It is hard to know how to write an article on what the events of this week might mean for financial markets. Seen against the tragic loss of human life, the question of the likely direction of the stock market pales into insignificance. Yet investors around the world will be quietly concerned that this act of war on a seemingly hitherto impregnable Fortress America will have consequences for their personal wealth. It probably will. But we are in new territory here. Even an official declaration of hostilities would be easier to assimilate than this barbaric attack.
But it is to war that we should first look if we are to gain a steer on what the consequences might be for financial markets and thus for people's savings and investments. The initial reaction to last Tuesday's bombing was as close as makes no difference to the way in which financial markets behaved at the outbreak of the Gulf War. Shares went down, gold bullion and oil went up. The fall in markets is hardly surprising. Uncertainty of this magnitude creates panic, so there is a flight to safety which inevitably means dumping equities in favour of bonds. And gold may be last year's investment icon, but there still seems no substitute in the violent hours.
But the rise in oil prices was less easy to justify. When Iraq invaded Kuwait and disrupted to oil supply, demand outstripped supply, so the price went up. The World Trade Centre outrage appears to have no direct connection with the oil-rich areas of the Middle East, unless you believe this is an Arab-instigated plot. Even then, if sovereign nations are not involved, why should there be disruption to oil supplies? Bombing Afghanistan is unlikely to put up the price of petrol. It was a gut reaction.
America's economy is so vast that even removing the earning capability of Wall Street for a week will make little difference to overall gross domestic product. True, US insurance companies and those who reinsure the risks in Europe look like having a most uncomfortable time, but the US Government is likely to recognise this and may step in to ensure that no financial institution goes to the wall.
And the cost of rebuilding this part of Manhattan should give a well-needed boost to a city where the economy is in decline. The new Mayor who will emerge from this autumn's elections seems certain to make the most of this situation and of any central help available. But what's crucial is the attitude of the US consumer. When the bombs started falling on Baghdad the great American public drew in their buying horns. Within two years the US was in recession and the rest of the world had a tough time. America is not far off recession now, so it would not take much to tip the economy firmly into reverse. The US Government and the Federal Reserve Bank will undoubtedly do everything in their power to maintain the health of the economy.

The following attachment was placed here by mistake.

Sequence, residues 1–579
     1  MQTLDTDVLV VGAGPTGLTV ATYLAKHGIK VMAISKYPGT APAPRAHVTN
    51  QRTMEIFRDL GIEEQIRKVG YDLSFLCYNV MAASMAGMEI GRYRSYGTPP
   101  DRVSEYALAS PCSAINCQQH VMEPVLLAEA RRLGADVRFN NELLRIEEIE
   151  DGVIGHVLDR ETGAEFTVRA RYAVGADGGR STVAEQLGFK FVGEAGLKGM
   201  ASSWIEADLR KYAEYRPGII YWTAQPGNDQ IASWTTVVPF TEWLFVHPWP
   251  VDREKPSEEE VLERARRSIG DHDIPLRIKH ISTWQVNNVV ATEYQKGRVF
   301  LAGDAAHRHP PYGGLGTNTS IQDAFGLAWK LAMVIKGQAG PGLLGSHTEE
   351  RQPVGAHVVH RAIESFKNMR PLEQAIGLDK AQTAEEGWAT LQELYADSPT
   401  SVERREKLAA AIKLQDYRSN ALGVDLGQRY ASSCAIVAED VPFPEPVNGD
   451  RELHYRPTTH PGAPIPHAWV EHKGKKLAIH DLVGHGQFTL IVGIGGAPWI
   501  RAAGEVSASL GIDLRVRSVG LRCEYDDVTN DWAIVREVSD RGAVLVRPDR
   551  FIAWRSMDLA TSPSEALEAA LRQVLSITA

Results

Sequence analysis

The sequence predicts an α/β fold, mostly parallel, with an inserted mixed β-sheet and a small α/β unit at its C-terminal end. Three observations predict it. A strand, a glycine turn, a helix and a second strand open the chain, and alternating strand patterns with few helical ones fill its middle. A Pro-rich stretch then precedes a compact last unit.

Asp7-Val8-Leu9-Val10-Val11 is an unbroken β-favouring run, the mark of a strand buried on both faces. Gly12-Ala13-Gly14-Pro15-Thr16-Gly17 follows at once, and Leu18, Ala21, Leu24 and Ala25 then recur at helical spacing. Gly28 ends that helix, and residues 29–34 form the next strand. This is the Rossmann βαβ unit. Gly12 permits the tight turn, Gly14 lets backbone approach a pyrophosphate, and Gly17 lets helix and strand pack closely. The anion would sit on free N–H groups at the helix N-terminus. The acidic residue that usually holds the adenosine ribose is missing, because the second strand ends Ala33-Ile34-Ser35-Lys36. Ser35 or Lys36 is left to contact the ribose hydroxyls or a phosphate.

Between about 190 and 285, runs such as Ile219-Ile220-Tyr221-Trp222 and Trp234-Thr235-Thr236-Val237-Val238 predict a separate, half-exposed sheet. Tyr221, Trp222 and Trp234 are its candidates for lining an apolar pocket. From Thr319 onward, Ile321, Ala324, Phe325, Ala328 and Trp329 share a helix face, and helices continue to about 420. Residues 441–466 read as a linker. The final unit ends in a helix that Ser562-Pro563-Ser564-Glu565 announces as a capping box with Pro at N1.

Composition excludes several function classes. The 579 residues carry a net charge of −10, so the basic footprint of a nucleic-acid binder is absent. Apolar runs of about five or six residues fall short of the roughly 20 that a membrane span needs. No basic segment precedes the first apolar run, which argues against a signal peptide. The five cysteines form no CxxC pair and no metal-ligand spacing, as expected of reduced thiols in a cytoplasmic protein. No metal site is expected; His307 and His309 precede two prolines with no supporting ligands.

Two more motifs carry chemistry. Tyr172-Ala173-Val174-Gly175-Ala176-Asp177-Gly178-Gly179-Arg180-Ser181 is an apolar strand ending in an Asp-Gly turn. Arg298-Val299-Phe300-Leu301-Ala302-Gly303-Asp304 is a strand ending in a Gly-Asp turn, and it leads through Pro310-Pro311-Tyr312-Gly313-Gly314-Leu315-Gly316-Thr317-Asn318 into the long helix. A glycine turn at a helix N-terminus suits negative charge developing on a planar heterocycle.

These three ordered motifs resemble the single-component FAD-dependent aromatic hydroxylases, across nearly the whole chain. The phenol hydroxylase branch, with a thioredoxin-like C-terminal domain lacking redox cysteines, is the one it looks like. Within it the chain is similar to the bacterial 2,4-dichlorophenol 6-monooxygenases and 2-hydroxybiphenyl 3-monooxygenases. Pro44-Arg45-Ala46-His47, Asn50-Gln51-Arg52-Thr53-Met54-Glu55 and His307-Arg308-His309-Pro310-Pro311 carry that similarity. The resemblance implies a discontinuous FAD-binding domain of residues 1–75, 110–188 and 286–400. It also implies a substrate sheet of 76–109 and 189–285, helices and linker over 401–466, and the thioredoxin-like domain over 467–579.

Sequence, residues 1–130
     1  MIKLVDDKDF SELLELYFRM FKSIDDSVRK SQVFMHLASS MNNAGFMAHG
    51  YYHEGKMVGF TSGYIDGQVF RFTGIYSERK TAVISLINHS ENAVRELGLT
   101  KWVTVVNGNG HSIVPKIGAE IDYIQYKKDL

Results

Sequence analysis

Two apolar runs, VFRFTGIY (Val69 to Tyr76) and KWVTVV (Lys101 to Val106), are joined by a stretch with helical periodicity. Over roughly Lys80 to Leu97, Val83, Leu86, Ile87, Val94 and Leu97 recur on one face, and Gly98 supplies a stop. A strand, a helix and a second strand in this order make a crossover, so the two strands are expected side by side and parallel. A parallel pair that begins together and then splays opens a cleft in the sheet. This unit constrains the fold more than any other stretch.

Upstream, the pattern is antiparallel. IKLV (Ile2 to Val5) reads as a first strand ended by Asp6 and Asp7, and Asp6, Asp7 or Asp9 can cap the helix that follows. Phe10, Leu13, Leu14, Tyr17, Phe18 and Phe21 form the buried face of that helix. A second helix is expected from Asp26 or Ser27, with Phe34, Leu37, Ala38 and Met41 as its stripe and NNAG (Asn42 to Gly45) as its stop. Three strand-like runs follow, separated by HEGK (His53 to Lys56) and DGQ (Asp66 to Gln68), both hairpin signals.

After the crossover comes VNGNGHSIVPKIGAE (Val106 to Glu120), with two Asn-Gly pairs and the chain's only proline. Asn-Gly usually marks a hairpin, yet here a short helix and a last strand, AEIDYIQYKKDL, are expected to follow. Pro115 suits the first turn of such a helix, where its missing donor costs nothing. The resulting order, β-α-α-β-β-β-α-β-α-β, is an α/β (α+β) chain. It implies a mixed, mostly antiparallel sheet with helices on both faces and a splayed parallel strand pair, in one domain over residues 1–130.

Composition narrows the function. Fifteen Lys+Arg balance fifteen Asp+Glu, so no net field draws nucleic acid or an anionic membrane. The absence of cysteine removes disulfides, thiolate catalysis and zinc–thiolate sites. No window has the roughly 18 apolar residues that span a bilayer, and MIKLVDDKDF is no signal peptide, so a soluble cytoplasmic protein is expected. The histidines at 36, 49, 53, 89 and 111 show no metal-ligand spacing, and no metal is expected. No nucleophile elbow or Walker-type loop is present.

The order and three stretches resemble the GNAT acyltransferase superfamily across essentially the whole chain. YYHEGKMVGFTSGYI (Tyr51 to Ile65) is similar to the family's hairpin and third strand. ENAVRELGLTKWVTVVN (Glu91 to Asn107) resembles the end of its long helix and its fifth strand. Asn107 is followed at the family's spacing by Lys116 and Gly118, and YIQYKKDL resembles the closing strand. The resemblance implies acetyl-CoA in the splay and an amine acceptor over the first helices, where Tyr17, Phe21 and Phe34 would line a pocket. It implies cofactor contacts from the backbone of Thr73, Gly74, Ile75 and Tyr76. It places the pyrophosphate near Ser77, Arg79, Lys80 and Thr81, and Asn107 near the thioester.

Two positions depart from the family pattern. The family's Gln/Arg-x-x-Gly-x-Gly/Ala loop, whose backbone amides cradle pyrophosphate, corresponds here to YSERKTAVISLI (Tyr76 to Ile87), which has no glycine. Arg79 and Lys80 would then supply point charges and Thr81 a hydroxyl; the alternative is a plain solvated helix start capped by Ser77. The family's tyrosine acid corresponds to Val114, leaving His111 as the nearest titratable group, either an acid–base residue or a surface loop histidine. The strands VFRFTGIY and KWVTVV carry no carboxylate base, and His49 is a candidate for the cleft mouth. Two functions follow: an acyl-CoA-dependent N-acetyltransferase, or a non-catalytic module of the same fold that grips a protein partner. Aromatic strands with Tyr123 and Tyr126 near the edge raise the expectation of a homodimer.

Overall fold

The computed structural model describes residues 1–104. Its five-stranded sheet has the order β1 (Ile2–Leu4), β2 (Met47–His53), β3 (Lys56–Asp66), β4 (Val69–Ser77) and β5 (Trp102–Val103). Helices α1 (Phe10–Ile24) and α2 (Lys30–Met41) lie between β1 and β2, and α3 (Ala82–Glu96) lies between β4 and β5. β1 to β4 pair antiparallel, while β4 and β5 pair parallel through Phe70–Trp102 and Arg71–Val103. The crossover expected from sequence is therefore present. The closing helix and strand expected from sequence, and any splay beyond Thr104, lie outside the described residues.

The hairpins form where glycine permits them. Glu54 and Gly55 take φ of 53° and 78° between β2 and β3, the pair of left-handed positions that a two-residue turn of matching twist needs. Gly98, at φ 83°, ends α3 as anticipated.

"Business as usual," says President George Bush. But will an American nation shocked at its sudden vulnerability think the same way? Until we know that markets will remain unsettled and volatile.
For the longer term, there will be beneficiaries. Heightened security and increased defence spending will profit some businesses, but the realisation that our enhanced level of communication has highlighted the deep divide that exists between the haves in America and the have-nots elsewhere. Retribution will not eliminate the core problem. But we will have to wait and see.
Before, I have said that bear markets often finish with a major calamitous event. I was referring to corporate calamity, not a catastrophe on a human scale. Much that is corporately calamitous will emerge. But the extent of the human reaction to this inhuman event may mean we are into a whole new ball game.
Brian Tora is chairman of the Gerrard Asset Allocation CommitteeReuse content